When I was growing up, I loved for my mom to make pinto beans and cornbread. My favorite was when the cornbread came in the form of hoecakes. I added some pickle relish to the beans, crumbled the cornbread in them and ate every bite.
While pinto beans aren’t your fare of choice, I do know that you love Granny’s hoecakes, too. When she made them for you on our recent visit to Kentucky, I took notes. Here is how you make them:
She said don’t ask her how much, because it’s different every time. This is one of those recipes she makes by heart and changes according to how many hoecakes she wants. It was fun to see her pour and mix and just know what was needed. I want to be able to cook like that.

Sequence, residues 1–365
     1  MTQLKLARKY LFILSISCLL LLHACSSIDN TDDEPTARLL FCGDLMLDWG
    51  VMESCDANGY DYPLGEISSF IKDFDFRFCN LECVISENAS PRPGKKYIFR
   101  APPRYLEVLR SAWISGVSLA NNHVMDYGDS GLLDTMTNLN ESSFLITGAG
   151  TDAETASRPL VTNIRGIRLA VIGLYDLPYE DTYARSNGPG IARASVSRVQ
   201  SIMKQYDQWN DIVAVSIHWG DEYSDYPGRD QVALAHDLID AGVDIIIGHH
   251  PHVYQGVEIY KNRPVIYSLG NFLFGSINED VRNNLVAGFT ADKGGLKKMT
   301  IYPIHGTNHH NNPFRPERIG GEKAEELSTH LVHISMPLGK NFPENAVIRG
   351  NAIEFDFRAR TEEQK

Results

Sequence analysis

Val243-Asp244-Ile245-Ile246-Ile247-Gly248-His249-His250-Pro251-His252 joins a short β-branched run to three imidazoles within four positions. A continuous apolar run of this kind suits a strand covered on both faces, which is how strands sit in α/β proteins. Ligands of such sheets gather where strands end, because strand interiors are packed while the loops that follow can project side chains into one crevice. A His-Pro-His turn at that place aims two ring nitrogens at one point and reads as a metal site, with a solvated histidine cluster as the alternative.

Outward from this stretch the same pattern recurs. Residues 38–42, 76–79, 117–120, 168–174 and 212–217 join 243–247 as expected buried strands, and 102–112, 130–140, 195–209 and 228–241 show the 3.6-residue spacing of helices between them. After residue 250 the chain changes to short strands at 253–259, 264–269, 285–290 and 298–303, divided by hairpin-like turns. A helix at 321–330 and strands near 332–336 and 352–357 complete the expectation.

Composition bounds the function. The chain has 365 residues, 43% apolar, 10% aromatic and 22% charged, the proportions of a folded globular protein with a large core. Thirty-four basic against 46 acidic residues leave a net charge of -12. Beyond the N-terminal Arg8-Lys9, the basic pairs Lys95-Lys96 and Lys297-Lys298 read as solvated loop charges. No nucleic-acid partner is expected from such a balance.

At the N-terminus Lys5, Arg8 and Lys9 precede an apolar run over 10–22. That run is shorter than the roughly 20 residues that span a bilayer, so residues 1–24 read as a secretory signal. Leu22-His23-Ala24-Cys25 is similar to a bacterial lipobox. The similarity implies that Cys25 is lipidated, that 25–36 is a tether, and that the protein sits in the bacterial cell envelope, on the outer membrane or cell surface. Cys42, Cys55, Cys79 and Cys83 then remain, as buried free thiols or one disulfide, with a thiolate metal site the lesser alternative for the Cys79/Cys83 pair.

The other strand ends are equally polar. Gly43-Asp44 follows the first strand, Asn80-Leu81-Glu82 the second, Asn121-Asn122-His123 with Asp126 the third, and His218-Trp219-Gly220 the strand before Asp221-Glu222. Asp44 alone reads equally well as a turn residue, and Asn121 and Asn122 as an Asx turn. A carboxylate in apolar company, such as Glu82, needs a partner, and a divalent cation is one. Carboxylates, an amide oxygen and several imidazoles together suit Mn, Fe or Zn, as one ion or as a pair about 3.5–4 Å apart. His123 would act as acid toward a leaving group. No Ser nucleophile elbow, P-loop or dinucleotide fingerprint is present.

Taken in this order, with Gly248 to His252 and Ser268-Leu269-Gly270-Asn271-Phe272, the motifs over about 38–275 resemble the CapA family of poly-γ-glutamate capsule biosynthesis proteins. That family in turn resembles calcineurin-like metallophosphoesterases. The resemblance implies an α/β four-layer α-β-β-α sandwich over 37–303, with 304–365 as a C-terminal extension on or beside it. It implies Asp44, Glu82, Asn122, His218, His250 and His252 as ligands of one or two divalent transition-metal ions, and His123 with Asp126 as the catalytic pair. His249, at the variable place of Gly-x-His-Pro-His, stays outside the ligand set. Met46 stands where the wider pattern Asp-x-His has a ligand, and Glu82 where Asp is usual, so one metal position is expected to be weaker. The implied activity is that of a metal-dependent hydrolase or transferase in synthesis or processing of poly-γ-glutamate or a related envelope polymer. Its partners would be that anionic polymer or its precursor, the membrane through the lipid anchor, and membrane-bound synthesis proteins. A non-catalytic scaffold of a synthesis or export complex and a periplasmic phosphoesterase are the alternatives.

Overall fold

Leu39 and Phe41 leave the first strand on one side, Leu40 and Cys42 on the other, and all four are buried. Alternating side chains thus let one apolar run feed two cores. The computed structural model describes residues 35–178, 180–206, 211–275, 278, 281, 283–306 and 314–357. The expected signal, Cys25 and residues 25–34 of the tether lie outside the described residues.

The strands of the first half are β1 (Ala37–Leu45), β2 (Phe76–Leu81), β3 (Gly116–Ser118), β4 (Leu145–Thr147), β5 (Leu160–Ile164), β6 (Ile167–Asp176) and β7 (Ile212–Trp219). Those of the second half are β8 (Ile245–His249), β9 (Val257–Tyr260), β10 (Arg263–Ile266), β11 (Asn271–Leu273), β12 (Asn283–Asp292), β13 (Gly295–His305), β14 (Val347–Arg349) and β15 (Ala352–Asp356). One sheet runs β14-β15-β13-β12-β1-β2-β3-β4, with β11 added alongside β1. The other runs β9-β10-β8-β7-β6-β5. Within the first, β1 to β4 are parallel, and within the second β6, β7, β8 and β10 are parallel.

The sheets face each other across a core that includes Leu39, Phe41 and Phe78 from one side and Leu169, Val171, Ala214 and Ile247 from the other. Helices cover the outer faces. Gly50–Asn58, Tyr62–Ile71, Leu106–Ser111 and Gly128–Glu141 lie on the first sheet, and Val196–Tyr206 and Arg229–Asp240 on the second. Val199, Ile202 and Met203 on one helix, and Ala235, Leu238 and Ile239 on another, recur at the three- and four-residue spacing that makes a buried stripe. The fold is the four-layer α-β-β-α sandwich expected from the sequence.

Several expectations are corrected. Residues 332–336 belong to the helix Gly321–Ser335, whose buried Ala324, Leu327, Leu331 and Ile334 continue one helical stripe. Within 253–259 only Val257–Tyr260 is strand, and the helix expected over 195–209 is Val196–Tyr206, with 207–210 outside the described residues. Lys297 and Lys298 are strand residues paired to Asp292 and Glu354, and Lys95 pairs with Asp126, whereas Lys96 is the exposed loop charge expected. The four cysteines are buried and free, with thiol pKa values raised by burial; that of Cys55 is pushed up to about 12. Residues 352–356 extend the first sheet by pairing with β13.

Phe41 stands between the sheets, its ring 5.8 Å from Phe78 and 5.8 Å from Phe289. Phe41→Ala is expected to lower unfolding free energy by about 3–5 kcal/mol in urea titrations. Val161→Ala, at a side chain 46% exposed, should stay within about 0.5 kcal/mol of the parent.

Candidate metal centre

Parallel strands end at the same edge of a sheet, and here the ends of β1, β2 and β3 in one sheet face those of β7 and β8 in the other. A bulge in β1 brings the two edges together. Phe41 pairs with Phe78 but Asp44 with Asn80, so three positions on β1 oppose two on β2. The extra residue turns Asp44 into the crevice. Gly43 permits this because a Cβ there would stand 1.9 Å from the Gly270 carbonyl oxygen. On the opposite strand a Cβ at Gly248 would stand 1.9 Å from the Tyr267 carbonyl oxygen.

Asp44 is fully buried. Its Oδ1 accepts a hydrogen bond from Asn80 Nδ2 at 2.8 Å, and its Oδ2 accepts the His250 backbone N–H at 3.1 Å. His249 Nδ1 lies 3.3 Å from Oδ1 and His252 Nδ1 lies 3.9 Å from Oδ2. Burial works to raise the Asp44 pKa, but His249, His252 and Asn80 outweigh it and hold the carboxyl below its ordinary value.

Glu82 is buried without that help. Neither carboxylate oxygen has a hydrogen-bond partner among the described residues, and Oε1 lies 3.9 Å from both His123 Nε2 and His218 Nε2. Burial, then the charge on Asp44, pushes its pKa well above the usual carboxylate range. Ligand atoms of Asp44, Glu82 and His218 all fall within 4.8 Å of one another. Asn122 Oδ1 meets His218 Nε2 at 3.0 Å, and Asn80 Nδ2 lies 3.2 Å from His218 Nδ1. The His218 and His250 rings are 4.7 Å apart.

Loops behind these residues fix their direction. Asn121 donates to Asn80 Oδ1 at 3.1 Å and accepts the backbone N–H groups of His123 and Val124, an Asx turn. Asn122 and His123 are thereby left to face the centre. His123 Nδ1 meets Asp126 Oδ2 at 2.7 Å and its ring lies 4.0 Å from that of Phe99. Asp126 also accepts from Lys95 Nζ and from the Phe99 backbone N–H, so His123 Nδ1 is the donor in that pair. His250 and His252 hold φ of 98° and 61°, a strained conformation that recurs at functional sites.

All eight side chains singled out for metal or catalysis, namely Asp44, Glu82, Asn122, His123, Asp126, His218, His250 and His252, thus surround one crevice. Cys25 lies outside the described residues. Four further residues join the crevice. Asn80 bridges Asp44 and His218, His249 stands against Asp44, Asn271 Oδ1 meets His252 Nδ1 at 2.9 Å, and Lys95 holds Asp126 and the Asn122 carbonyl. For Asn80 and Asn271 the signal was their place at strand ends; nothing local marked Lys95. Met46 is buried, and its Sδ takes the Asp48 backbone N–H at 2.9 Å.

Then add a little bit of water (about 1/4 cup). Sorry for this silly picture of water draining in the sink. Granny is a much more efficient hoecake maker than I am a photographer, and I didn’t get the picture soon enough of her adding water.
These are the only ingredients, and they are very forgiving. Granny decided hers was a little thin and added a bit more cornmeal to it. It needs to be a pourable, mushy consistency. I recommend you make them with Granny a time or two so that she can show you the perfect thickness.
I love it that her hands are in this photo. Hands that have cared and worked and served and loved so many.
We are blessed.
One other tidbit . . .
While I am fairly certain you’d rather give up electricity than meat, I want you to know that pinto beans and cornbread actually make a complete protein and are a viable option if you’re ever trying to trim your grocery costs. The corn supplies an amino acid that is lacking in the beans, so taken together they can provide sound nutrition.
Whatever you choose to eat with them, enjoy your hoe cakes and your thoughts of sweet Granny!
I love you,
P.S. Here is a fun photo of the cousins that enjoyed Granny’s hoe cakes during spring break.